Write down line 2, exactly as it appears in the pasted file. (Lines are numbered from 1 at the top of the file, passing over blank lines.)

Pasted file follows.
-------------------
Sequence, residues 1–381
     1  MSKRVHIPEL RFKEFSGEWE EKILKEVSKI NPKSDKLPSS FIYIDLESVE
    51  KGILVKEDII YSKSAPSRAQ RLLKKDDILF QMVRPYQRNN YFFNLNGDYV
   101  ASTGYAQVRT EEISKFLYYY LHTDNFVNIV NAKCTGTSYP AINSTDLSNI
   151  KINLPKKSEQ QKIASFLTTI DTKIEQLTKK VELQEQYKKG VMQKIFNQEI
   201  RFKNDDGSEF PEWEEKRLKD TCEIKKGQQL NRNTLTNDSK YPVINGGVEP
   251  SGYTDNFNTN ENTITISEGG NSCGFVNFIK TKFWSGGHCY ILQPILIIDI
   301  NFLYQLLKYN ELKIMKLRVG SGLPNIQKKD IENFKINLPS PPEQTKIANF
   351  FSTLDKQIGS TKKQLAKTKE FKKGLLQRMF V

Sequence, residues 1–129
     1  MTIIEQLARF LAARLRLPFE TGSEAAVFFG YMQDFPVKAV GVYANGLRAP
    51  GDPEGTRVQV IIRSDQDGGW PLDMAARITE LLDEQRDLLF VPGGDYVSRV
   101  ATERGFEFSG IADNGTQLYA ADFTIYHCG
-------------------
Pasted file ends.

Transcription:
     1  MSKRVHIPEL RFKEFSGEWE EKILKEVSKI NPKSDKLPSS FIYIDLESVE